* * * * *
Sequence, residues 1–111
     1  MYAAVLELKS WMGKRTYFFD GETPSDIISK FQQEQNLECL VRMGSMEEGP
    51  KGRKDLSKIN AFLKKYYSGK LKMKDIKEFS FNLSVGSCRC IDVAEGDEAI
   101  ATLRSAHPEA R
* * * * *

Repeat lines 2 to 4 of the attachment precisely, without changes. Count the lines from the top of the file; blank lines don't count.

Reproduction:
     1  MYAAVLELKS WMGKRTYFFD GETPSDIISK FQQEQNLECL VRMGSMEEGP
    51  KGRKDLSKIN AFLKKYYSGK LKMKDIKEFS FNLSVGSCRC IDVAEGDEAI
   101  ATLRSAHPEA R